One of the things I do to get in the mood when I'm not in the mood is take a little side-trip through my Drafts folder in search of an idea to kick-start my ambition. The Drafts are little baubles that once caught my eye, but didn't quite make the cut on paper. In theory, what once glittered is still gold, but that doesn't always prove to be the case. This example, for instance, which just last night I hauled up from the muck:
No one knew
where the cat came from,
but there it was in
behind the baptismal font,
ready to strike.
Huh????? I have absolutely no idea where that came from, nor do I now find that passage the least bit interesting, but it does get me thinking about baptismal fonts and black cats:
Which gets me thinking about mosaics and Halloween:
Which gets me thinking about witches and food:
Which gets me thinking about television and good food:
Which gets me thinking about France and French cooking:
Which gets me thinking about Julia Child and that poem about her I've been hungry to write . . .
So what have I been stalling around for?
| |One of my favorite things to do on Sunday morning is read the "Corner Office" feature in the Business section of The New York Times. Every week, a different corporate leader is asked a series of questions relating to her or his management philosophy. The responses are insightful and well-considered, and with rare exception, the executives cite personal work experiences which have informed their points of view.
I'm a better behind-the-scenes person than a leader myself, but having spent 26 years with the postal service under managers ranging from A+ to Abysmal on the effectiveness scale, I've given a lot of thought to what qualities make a good workplace leader. "Corner Office" has offered me some new perspectives. But it also could be that I'm so enthusiastic about the feature because so many of the great ideas I read there reinforce and validate my own opinions about what it takes to be a successful manager.
So, Sunday after Sunday, Owners and Presidents and CEOs sit with me at my dining room table and tell me about how they run their worlds. These are the exceptional parents of their industries, paying keen attention to their employees' needs, listening to their concerns, encouraging openness in the sharing and discussion of ideas. Theirs is a position of command, tempered by reason and fairness and compassion. These are the leaders who will be shaping corporate culture for years to come.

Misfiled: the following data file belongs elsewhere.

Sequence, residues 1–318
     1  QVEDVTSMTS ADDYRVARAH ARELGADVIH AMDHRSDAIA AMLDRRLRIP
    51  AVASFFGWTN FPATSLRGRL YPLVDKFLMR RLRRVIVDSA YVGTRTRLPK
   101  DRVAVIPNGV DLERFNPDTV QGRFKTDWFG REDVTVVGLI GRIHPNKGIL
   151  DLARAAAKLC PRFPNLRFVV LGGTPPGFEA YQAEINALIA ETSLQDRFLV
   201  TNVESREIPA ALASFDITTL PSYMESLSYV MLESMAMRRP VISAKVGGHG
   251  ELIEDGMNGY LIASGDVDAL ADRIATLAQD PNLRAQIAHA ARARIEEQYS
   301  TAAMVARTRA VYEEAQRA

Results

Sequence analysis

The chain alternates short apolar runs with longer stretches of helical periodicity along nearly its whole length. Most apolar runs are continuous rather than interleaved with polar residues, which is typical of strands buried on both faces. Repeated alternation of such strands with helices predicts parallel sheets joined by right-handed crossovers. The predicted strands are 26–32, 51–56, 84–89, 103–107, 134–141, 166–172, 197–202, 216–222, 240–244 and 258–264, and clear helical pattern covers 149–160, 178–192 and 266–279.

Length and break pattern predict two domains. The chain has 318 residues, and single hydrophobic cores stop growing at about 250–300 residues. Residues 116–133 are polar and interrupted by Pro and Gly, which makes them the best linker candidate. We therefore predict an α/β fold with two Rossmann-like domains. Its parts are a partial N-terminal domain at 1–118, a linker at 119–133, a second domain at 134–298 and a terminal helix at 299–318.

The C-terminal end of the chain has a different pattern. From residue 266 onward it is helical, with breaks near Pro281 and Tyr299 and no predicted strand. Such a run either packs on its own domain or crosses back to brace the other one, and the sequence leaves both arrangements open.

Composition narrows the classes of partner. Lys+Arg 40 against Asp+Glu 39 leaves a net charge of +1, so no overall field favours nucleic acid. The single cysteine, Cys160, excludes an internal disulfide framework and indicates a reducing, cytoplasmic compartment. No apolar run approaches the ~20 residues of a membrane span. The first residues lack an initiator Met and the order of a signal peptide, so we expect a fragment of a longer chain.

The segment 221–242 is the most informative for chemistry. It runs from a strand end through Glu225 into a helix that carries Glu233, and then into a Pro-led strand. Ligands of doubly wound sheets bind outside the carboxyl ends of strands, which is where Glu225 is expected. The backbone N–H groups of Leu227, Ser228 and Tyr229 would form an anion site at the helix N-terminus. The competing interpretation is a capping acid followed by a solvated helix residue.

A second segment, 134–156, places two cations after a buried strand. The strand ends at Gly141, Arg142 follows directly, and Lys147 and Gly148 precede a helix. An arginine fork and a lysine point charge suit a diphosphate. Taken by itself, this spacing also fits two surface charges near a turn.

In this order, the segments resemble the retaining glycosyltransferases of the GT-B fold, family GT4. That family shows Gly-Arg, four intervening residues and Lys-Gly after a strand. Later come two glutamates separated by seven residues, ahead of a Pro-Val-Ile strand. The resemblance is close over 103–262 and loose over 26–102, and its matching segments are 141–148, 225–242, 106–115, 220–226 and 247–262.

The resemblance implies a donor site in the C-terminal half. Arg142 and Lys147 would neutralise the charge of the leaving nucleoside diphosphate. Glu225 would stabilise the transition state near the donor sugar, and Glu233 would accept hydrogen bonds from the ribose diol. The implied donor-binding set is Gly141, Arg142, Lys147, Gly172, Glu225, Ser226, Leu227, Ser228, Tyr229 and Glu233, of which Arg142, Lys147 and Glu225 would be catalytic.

Or it would seem. With all this love drizzling down from the top, are the workers at the bottom of the cake feeling content? A while back, one of my physicians, whose practice consists entirely of women, told me that she routinely asks her patients how their worklives are going. My doctor told me that in the prior 2 1/2 years, only one of her patients had responded favorably to the query. And that was a woman in her early twenties who worked primarily with young children. Of course this was definitely a most unscientific survey. But it had me wondering, so I poked around a bit to see what workers are thinking about their jobs these days. A recent CareerBuilder survey has 67% of transportation and utility workers expressing satisfaction with their jobs. The number drops to 48% for retail employees. If you're a half-full kind a person, perhaps 1-in-2 or 2-in-3 are comely figures. But I'd give my nod to half-emptiness on this one. If a half or even two-thirds of workers are content, that still leaves a large percentage of employees feeling out on the edge.
I'm not naïve. The jewel of happiness contains many facets, and I'm not here to discuss all the cuts and bevels. But I'm thinking of these leaders whose words I've read, their top hats a-sparkle with good ideas. If those ideas were implemented from top to bottom, I believe they'd go a long way toward increasing employee satisfaction. There appears to be a gap between upper management's ideals and how those ideals translate to the workers in the field. So where's the disconnect? A clue comes to me from my mother, her ghost-words tagging after me all these years. I always thought the buck stopped with her, but perhaps she was merely a middle-manager herself, forever negotiating the distance between the realities of the larger world and the imperatives of bringing up children within it. I can still hear her voice today: Don't do as I do, just do as I say.